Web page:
About Us

The Centre of Excellence on Post-Traumatic Stress Disorder (PTSD) and Related Mental Health Conditions builds strong community networks to create a system of the best possible supports and services for Veterans, first responders, and their families.

We bring people together, collect what we know related to mental health conditions and how to treat them. We widely share that information and ensure our collective knowledge is reflected in the research and practical work we do as a network.

Knowledge

The Centre gathers and generates knowledge on military and Veteran mental health by conducting and facilitating applied research in PTSD and related mental health conditions.

Practice

The Centre brings together partners and transforms knowledge into training and resources to ensure Veterans and their families are receiving the best possible supports and services.

Policy

The Centre co-creates and shares standards for emerging and best practices with policy makers, mental health professionals, the Veteran Affairs Canada network of Operational Stress Injury Clinics, and Canadian Forces Health Services.

The Centre functions as a “Network of Networks” which values lived and living experience and expertise equally with technical expertise. Our work is only as strong as the network that helps us guide and co-create our efforts.The Centre of Excellence on PTSD is advised by a central Advisory Committee made up of representatives from our four reference groups. Members of reference groups voluntarily apply, and the groups are formed from individual Veterans, Veteran Family Members, service or healthcare providers, and researchers, as well as members of existing communities of practice.

An independent intermediary organization, we are hosted within The Royal Ottawa Health Care Group and funded by Veterans Affairs Canada.

Our story

Our vision for the future

Like many health and wellbeing systems, Veterans and their families face a complex system of services and supports to address posttraumatic mental health needs. The system is often difficult to navigate and has a wide a range of players performing a number of roles.

It is true that patches of good services and supports exist for Veterans and their families. That said, there is consensus across Canada and around the world, that existing systems of care for Veterans and their families do not adequately meet their needs across all areas.

Veterans and their families tell us there are clear opportunities for positive change.

Together, we envision a future system built on the following seven principles:

  1. Respect and dignity
  2. Engagement and involvement
  3. Equity of access
  4. Breadth of support
  5. High quality treatment and care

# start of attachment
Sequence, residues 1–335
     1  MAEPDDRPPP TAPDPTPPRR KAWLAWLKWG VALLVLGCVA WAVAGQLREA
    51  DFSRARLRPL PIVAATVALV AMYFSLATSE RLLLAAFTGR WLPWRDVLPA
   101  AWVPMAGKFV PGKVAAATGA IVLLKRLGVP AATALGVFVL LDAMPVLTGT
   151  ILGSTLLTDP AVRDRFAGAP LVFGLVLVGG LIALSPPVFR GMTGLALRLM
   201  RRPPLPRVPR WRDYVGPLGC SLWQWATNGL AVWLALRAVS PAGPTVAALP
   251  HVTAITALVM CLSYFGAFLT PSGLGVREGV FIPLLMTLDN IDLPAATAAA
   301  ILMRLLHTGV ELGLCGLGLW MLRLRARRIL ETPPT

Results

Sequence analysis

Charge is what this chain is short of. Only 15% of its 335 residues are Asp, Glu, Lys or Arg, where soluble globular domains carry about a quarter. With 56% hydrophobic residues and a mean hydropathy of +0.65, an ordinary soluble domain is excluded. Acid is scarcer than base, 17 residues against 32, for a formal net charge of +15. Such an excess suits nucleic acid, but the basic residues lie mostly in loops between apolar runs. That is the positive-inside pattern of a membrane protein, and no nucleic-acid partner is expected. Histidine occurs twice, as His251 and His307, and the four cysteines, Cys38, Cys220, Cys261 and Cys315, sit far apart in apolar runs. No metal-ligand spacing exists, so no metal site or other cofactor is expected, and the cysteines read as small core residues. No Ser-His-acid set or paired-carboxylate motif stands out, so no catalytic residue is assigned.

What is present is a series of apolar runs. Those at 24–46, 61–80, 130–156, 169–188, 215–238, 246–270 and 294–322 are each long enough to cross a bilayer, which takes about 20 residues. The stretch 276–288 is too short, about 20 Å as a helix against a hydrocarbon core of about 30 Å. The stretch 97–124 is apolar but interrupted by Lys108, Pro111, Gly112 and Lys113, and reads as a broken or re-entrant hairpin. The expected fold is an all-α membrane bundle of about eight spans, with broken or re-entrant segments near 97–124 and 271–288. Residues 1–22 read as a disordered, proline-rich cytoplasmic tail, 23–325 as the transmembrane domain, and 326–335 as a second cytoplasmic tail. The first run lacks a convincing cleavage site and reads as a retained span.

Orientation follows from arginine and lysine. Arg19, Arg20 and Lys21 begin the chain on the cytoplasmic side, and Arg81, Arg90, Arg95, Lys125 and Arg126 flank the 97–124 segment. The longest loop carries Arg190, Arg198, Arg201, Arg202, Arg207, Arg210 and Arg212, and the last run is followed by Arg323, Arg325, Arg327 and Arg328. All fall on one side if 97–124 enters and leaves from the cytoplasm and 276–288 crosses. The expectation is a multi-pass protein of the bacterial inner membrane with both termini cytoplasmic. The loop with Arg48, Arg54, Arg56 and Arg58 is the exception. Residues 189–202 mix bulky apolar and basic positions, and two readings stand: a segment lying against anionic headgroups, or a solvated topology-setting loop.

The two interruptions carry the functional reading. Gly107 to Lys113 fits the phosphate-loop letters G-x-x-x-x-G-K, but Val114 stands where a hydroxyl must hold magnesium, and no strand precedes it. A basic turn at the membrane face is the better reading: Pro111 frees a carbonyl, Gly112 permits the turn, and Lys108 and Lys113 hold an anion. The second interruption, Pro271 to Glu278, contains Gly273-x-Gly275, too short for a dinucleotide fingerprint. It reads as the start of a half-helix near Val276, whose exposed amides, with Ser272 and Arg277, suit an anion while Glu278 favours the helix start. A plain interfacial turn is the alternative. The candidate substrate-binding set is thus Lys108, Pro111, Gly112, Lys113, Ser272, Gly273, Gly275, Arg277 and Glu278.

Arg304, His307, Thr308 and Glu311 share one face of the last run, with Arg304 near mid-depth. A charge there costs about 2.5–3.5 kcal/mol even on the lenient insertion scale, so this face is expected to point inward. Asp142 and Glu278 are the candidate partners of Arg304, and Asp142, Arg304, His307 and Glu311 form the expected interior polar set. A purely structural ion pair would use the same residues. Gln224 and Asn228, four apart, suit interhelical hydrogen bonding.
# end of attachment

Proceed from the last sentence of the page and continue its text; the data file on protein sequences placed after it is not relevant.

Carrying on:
6. Holistic outcomes
  7. Economic responsibility

A broad range of stakeholders are able to influence the design of the system – Veterans, their families, healthcare providers, peer support organizations, intermediary organizations, policy makers, and more.

The active involvement of all these stakeholder groups is crucial – no single organization can deliver this new, integrated system alone.

You can find our vision for the future in our new Conceptual Framework to guide the implementation of best and next practice in services and supports for Veterans and Veteran Families. developed in partnership with Phoenix Australia – Centre for Posttraumatic Mental Health.

It’s an important first step in creating a new support system for Veterans and their families.

Our role as an intermediary

An intermediary is created to fill an implementation gap, by supporting it at a systemic level. In the area of Veteran mental health, there is currently a gap between knowledge and practice.

Our mission is to fill that gap through research, knowledge mobilization, coaching and training, and bringing together stakeholders across Canada and the world to make a real, positive impact on the lives of Veterans and their families.

Typically intermediaries:

  • Act as a bridge between researchers, government decision makers, clinical leaders and the community
  • Provide technical expertise and support structures that are not typically built in to service systems or not part a policy or system manager stakeholders’ role
  • Play a pivotal role in advocating for and supporting system change
  • Provide direction and continuity for service improvements
  • Have an ability to form and lead partnerships and collaborations amongst stakeholder groups
  • Have highly skilled staff with a comprehensive understanding of both government and service delivery environments and the ability to work between them

Our role as an intermediary is outlined in our new Guide for Intermediaries (PDF, 14.7 MB), developed in partnership with Phoenix Australia – Centre for Posttraumatic Mental Health.